1. Michael Clarke
259*. 1st Test v South Africa at Brisbane, November 2012.
Great players, it is said, set the tone for a series by excelling in the first match. Clarke did exactly that in Brisbane, but rain ruined the chance for Australia to be rewarded for its dominance. Rather than be daunted by expectations that he could match his brilliant performances of the previous season, he showed he would thrive on those expectations.
2. Matthew Wade
106 and 4, one dismissal. 3rd Test v West Indies at Dominica, April 2012.
Wade’s ability to both grind and plunder was reinforced. His uncertainty against spin meant he scored only 22 runs from his first 83 deliveries, but a fumbled return catch triggered a move into top gear. After reaching his half-century from 109 balls, he needed only another 34 to reach his century, the only one scored by an Australian in the three-Test series.
3. Peter Siddle
5-54 off 25.3 overs and 4-50 off 26 overs. 1st Test v Sri Lanka at Hobart, December 2012.
Having contentiously been left out of Australia’s preceding Test, due to near exhaustion and a sore hamstring after a mighty bowling effort against South Africa, Siddle bowled like someone who would have made a huge difference in the series decider against the Proteas. Siddle was remarkably economical against Sri Lanka, not by pitching the ball wide, but by giving the batsmen no width and consistently being threatening.
4. Michael Clarke
230 and 38. 2nd Test v South Africa at Adelaide, November 2012.
That Clarke was on the cusp of passing 500 runs in the series against South Africa without being dismissed was a tribute to his remarkable form. While Adelaide is typically the best batting surface in Australia, that did not diminish the captain’s achievement of bringing up a second successive double century. The only disappointment was that, as in Brisbane, such a superb innings failed to take Australia to victory.
5. David Warner
163 off 157 balls. 1st ODI final v Sri Lanka at Brisbane, March 2012.
Warner did his utmost to drag attention back to the one-day tri-series at a point in the year when supporters were losing interest. He arrived at the crease an unproven one-day player, with an average of 22.5 after 18 matches. He left with an average of just under 30, courtesy of a magnificent maiden century. The left-hander found the boundary on 15 occasions to get the best-of-three finals series off to a great start.
6. Mitchell Johnson
4-63 off 14 overs and 2-16 off eight overs, 92*. 2nd Test v Sri Lanka at Melbourne, December 2012.
Given Johnson’s impressive comeback Test performance a few weeks earlier in Perth, and his reputation for sometimes struggling for confidence, it would have been understandable if the enigmatic left-armer was rattled by being dropped for the Hobart Test immediately after his performance in Perth. None of that showed, however, when he was given another opportunity in the Boxing Day Test. The old Johnson hostility was there but so too was a level of reliability. His batting was so good – he ran out of partners to post a century – that the selectors elevated him to an all-rounder’s role in the next match.
7. Clint Mckay
5-28 off 9.5 overs. 3rd ODI v Sri Lanka at Adelaide, March 2012.
After Sri Lanka had successfully chased a target of 272 in the second match of the three-match series at the Adelaide Oval two days before, Australia’s total of 231 looked alarmingly skinny. That it proved not to be was primarily due to the influence of Mckay, who accounted for Mahela Jayawardene and Dinesh Chandimal to put the visitors on the back foot and then scythed through the tail to ensure a series victory for Australia. The next morning the Australians had to jump on a plane for the West Indies.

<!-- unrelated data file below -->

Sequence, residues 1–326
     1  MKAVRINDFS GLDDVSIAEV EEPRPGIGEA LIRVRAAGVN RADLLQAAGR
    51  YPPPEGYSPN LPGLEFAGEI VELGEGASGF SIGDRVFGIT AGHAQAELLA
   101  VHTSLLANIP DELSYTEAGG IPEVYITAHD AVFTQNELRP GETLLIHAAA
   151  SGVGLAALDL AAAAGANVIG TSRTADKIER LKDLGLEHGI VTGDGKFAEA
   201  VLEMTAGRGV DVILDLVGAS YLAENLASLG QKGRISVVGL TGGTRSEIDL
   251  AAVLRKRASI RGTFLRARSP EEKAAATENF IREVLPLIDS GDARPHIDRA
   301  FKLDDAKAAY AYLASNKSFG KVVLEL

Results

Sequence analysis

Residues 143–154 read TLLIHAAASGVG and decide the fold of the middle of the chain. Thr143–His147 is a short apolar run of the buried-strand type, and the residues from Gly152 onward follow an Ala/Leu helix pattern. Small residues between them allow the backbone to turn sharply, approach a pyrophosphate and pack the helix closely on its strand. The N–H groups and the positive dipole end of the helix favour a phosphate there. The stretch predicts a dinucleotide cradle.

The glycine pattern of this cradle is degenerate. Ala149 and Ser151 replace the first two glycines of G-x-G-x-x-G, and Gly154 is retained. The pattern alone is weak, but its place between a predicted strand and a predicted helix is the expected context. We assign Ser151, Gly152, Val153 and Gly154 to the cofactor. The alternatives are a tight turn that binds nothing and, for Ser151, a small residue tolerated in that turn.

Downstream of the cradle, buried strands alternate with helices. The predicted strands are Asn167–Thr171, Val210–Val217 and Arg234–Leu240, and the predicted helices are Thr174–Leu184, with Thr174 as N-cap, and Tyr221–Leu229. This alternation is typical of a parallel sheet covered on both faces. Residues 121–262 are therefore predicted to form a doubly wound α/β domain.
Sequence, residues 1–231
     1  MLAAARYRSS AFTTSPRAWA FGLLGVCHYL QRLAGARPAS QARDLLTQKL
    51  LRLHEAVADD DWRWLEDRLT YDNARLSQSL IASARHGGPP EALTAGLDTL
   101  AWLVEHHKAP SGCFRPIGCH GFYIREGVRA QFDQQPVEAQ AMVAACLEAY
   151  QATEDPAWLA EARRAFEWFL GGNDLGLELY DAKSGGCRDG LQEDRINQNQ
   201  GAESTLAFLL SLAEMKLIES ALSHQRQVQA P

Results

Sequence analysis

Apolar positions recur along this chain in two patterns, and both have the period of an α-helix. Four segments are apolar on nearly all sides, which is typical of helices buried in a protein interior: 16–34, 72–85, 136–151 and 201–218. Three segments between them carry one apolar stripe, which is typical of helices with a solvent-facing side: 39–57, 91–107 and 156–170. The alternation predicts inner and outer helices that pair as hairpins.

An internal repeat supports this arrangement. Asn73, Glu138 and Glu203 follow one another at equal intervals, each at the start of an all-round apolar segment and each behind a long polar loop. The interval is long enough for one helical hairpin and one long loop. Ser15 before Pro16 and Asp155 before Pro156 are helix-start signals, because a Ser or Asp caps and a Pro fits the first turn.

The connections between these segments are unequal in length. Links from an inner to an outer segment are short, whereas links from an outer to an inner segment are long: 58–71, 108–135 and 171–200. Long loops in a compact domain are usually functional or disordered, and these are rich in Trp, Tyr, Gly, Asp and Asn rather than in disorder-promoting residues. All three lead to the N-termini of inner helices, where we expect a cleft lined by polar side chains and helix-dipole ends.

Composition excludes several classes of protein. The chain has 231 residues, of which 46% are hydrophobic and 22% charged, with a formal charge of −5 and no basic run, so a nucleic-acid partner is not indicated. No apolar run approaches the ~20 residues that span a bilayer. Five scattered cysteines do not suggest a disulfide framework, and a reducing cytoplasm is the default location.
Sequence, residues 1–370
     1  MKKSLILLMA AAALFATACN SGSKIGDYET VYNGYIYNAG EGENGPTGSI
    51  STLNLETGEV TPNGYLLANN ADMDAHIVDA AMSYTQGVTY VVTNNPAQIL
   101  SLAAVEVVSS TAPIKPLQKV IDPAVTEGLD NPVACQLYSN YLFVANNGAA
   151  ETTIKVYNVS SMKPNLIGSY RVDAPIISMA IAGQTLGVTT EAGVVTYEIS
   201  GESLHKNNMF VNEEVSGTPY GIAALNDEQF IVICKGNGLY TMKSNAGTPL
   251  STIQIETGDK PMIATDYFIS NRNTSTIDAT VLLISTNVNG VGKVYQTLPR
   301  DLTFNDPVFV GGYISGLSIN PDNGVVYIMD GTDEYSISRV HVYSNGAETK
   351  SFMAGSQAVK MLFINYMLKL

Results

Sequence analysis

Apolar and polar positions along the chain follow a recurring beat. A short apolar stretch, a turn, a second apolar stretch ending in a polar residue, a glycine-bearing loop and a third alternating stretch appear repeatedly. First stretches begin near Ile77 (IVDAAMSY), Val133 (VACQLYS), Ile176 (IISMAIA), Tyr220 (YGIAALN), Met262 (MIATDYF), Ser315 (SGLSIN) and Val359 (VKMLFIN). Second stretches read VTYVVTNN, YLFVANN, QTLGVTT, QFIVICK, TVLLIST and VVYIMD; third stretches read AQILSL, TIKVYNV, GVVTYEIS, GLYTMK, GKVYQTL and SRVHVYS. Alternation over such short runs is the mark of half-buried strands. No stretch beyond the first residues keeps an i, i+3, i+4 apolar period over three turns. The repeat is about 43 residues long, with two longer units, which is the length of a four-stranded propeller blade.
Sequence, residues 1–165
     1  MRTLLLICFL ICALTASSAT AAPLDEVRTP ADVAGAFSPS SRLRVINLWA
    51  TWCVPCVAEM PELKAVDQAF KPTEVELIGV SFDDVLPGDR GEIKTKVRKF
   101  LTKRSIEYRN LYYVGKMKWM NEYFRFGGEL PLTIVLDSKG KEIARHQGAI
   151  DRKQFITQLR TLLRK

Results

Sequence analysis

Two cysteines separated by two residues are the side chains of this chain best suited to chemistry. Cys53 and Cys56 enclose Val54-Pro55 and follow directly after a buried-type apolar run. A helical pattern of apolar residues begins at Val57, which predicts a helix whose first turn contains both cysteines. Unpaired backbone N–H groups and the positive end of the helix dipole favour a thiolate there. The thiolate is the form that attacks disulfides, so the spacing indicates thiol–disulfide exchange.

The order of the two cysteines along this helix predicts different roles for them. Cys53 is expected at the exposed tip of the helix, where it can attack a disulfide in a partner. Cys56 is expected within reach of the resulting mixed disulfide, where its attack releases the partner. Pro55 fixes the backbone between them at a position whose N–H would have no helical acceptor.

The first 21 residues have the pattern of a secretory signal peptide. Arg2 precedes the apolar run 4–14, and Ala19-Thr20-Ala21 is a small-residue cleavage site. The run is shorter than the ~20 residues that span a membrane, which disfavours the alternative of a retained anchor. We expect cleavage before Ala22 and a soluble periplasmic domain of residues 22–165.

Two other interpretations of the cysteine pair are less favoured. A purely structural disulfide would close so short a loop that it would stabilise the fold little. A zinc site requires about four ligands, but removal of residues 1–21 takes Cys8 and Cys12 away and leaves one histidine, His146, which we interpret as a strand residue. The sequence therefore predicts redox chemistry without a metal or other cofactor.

8. David Warner
119 and 41. 2nd Test v South Africa at Adelaide, November 2012.
Even a pitch as batsman-friendly as the Adelaide Oval is not an ideal place to be facing a pace attack reputed to be the best in the world. To counter that, even the world’s best pacemen can shudder at having to bowl to David Warner in full flight. The left-hander reached his half-century in 47 deliveries and his century in 93 – after being in the 90s for one delivery.
9. Ryan Harris
68* & 4*, 2-83 off 29 overs and 3-31 off 8.4 overs. 1st Test v West Indies at Barbados, April 2012.
The 33-year-old is all but forgotten at international level due to his notoriously unreliable body, yet away from the attention of most Australian supporters he produced one of the year’s most impressive performances. The paceman bowled well in both innings in the series opener against the West Indies, snaring a total of five wickets, but his biggest contribution came with the bat. Arriving with his team 7-250, still trailing by 199, the veteran’s unbeaten half-century was pivotal in ensuring the home team got only a token first-innings lead. His role in Australia’s come-from-behind victory was pivotal.
10. Ed Cowan
136. 1st Test v South Africa at Brisbane, November 2012.
Cowan began the South Africa series as the player with the shakiest hold on his place in the Test team, not just because of his middling form as an opener but because the player he replaced, Phillip Hughes, was thriving and considered a certainty to return. With Australia chasing 450, the pressure on Cowan increased when Australia slumped to 3-40 but he responded with an assured and defiant century, one that ended prematurely in a very unlucky run-out.
The original release of this article first appeared on the website of Hangzhou Night Net.